Alright beating a team sprinkled with genius in 2005 was pretty special, and 2009 was a rewarding exercise in doggedly keeping at it, but the 2010/11 Ashes is my favourite England series win (I was only two when we won it in 1986/7).
To win a series down under is impressive, South Africa were impressive in doing so a couple of years back, beating an Aussie side containing broadly similar personnel, but to deliver the most comprehensive of batterings, as England are about to complete, is more than impressive.
3-1 (which it presumably will be by about 1.30am tomorrow morning), remarkably, won't quite do England justice in my book. Perth, looking back on it, seems a bizarre aberration. How did our batting lineup fold for 187 and 123 while in the other five innings they batted they averaged 510? How did the Australian bowlers take 20 wickets for 310 runs when in the other four games they managed 36 wickets for 2,554 runs? I have no idea.
The whole series has been a blast, you'd struggle to pick your best moment, but there's one that really sticks in the mind for me. It was on that epic first day at the MCG, Strauss took a calculated gamble in putting the Aussies in to bat on a juicy looking pitch and boy oh boy did his bowlers reward him. My defining memory of this series will be the celebration of James Anderson as he took Mike Hussey's wicket. Hussey had defied England's bowlers resolutely to that point and his wicket became the most prized of all. Anderson's celebrations are rarely as effusive as that one, but you sensed that was the moment he realised we would retain the Ashes, just sheer, unadulterated joy and wild arm-waving. Take a look at it here, about 1m54s into this video. Oh and I also really like Matt Prior's Ashes beard.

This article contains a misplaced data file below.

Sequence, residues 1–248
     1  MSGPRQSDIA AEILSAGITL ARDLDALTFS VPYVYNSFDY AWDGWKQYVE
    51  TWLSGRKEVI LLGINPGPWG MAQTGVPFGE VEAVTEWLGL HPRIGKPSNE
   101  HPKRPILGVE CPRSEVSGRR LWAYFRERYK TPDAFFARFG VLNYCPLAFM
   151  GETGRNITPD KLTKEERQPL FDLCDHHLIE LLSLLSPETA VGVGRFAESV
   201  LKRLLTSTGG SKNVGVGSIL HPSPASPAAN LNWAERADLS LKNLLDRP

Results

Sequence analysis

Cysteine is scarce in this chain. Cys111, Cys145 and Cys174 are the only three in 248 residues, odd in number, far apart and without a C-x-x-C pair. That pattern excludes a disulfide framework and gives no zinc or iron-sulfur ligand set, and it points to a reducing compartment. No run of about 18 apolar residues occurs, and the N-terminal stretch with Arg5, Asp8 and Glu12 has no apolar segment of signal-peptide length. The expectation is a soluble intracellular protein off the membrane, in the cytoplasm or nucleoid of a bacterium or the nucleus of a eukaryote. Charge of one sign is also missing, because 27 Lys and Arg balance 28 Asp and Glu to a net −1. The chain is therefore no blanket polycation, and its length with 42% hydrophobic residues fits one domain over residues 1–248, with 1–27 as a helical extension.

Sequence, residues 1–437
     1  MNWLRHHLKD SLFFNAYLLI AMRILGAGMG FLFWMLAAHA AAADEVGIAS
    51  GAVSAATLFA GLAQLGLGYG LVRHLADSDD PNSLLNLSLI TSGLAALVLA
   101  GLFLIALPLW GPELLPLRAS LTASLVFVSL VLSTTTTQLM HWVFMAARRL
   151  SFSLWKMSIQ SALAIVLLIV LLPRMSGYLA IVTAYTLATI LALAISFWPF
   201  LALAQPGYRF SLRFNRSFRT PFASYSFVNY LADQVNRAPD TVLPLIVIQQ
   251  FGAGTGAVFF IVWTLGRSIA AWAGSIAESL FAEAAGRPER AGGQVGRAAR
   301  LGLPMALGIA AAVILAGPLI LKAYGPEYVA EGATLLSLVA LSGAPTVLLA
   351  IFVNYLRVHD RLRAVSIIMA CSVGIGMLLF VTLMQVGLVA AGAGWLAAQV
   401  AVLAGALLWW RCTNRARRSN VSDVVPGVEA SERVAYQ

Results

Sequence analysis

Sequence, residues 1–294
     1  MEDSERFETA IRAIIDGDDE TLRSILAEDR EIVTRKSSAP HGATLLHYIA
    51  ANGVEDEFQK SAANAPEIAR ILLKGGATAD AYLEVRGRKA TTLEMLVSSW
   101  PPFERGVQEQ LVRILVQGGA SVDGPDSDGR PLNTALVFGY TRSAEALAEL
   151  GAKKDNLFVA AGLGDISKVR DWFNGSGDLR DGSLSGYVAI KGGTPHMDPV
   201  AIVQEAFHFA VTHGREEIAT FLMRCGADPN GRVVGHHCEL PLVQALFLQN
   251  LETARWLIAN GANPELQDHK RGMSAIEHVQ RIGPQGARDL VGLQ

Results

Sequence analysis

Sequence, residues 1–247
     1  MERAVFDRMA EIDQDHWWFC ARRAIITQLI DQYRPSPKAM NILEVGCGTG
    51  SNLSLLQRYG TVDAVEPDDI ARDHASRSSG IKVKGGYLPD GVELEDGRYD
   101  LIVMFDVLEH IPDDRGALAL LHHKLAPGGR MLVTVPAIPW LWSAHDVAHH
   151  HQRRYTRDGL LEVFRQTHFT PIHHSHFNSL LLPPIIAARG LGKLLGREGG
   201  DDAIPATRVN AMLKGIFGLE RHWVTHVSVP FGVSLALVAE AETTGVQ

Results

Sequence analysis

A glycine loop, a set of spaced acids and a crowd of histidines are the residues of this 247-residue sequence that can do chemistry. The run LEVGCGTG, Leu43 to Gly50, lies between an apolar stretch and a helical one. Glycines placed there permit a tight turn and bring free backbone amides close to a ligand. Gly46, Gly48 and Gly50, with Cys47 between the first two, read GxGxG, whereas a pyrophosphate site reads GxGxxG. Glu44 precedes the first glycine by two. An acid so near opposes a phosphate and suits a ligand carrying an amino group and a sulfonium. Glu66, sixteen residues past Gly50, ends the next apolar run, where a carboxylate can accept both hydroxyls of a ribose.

You get the sense that it could just be the beginning for England too, this side are young enough and talented enough to duke it out with the very best in the world and on the strength of four our of five Ashes performances, I think they'd probably beat India and South Africa at the moment.
Three of England's current top six, Cook, Bell and Pietersen could become England's three leading run-scorers of all time and they may all end their careers occupying the top three slots as the leading hundred-makers for England too. Cook especially is a tanatlising prospect, at just 26 he could have 10 good years left in him and he's already got 5,100 runs under his belt. Not to forget Strauss who with 19 hundreds and 6,084 runs is also heading for the upper echelons of those tables, though he has less time on his side as he approaches 34.
I'm sad to see Collingwood go, but its good to see him choose to go rather than be pushed. For a man who seemed to spend his entire career directly under the selectors axe, its fitting that he should choose his time to depart. He will be more tricky to replace than seems immediately obvious.
Next up (after yet another England-Australia one day series) is the World Cup, the treble of World Twenty20, Ashes in Australia and 50 over World Cup inside one 12 month period is very definitely on the cards. Then for the number one slot. I for one cannot wait.
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